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Chinese internet giant Tencent is said to have been monitoring content posted by foreign users on its popular email service WeChat to help it fine-tune censorship on its home platform.
WeChat has more than one billion users worldwide. It is the most popular messaging app in China and rooted in everyday life, allowing people to do everything from payments to hailing taxis.
Surveillance and censorship of social media and messaging platforms in China are common. Companies that manage such services often delete or block content that may offend Beijing.
But Citizen Lab, a research center that is part of the University of Toronto, said in a report released Thursday that “documents and images shared between unregistered accounts in China are subject to content monitoring and are used to constitute the database WeChat uses to censor accounts registered in China. “
Tencent told CNBC it has received the report and is taking it “seriously”, adding that “user privacy and data security are core values” of the company.
“Regarding the suggestion to engage in monitoring international user content, we can confirm that all content shared among international WeChat users is private. As a global publicly traded company, we comply with the highest standards, as well as our policies and procedures comply with all laws and regulations of each country in which we operate, “said a spokesperson for the company.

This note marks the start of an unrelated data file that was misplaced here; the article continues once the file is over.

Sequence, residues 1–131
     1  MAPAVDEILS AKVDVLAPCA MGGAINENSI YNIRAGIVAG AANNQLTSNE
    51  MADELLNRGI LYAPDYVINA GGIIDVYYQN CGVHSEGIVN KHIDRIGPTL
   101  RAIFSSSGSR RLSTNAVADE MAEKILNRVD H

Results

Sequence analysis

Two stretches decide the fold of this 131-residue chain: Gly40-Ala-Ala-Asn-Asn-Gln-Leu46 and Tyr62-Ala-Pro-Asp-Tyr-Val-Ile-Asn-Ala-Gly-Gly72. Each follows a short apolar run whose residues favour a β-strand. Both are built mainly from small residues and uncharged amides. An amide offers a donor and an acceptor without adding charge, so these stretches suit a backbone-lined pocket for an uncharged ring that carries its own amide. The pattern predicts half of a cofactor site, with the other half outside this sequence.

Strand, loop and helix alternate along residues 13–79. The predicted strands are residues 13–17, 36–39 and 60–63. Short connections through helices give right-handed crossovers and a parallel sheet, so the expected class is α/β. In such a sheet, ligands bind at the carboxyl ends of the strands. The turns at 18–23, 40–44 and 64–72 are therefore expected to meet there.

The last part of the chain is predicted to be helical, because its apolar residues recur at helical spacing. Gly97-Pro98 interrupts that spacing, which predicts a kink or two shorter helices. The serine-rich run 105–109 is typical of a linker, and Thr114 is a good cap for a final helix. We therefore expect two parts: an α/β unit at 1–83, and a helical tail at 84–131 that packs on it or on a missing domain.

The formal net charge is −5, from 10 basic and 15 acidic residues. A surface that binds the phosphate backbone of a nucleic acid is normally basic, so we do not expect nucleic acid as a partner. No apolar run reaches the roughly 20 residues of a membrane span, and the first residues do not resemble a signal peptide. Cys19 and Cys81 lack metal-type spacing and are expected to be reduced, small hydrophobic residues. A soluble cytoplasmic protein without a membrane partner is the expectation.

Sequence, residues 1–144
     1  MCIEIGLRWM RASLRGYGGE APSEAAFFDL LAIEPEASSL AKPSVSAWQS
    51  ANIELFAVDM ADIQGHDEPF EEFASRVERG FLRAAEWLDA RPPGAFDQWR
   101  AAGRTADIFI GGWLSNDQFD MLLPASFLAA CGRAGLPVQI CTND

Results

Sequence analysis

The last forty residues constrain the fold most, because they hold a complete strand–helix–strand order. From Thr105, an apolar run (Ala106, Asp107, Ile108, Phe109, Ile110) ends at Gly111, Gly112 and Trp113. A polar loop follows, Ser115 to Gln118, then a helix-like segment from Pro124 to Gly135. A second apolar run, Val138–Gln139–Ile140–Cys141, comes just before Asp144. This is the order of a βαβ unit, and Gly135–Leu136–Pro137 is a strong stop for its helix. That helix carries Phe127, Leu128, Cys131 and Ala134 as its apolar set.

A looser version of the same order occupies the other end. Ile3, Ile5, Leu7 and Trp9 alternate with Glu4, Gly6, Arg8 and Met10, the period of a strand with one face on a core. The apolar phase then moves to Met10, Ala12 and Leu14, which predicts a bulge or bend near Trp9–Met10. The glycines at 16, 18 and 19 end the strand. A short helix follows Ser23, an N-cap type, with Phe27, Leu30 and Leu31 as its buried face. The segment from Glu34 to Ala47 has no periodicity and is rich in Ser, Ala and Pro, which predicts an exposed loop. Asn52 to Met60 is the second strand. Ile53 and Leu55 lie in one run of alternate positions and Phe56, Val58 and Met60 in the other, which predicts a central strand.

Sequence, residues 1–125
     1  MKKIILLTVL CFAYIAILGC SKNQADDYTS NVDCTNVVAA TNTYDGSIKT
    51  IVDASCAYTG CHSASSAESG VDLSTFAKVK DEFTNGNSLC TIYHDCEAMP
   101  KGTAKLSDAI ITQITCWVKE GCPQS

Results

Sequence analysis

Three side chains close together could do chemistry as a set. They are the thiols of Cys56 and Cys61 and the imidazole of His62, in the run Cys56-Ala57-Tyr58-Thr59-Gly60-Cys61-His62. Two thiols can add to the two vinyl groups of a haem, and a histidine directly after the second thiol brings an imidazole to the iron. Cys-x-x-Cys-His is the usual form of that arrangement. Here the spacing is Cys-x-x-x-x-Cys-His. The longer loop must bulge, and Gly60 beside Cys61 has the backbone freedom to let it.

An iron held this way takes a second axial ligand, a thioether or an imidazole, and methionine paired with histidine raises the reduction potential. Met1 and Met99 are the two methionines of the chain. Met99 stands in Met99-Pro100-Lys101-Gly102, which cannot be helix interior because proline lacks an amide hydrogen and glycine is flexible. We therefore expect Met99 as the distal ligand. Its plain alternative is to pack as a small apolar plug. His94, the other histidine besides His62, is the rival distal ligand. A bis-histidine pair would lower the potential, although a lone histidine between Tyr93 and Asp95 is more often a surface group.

The revelations come as the United States becomes more and more concerned about the flow of data from applications and services owned by Chinese companies. Last year, Washington launched a national security review into the acquisition of Musica.ly by the social media application TikTok in 2017. TikTok is owned by Beijing-based ByteDance.
The Citizen Lab has made it clear, however, that “there is no evidence attributing Tencent’s surveillance behaviors imposed on international WeChat users to the leadership of the Chinese government.”
The research organization drew its conclusions on the basis of an experiment carried out. They ran two different scenarios – one where they communicated entirely between accounts not registered in China and a second where they communicated with an account registered in China.
They sent images and documents to unregistered accounts in China to see if they would be recovered by Tencent’s censorship algorithm. If they were, users in China would not be able to see this content.
“Such surveillance was discovered by confirming that politically sensitive content that was sent exclusively between accounts not registered in China was identified as politically sensitive and subsequently censored when transmitted between accounts registered in China, without having been previously sent to or between China – registered accounts, “said Citizen Lab.
The researchers made it clear that even though foreign WeChat accounts were not censored, they were subject to surveillance which then informed Tencent’s censorship in China.
The revelations paint a picture of a large technology company in China crossing its national borders to monitor the content of its international users.
Previously, there was no evidence that the Tencent censorship machine affected overseas users. But the report now shows that Tencent is monitoring content with its foreign users to help it tighten censorship at home.
– This story has been updated to reflect Tencent’s comments after the article was published.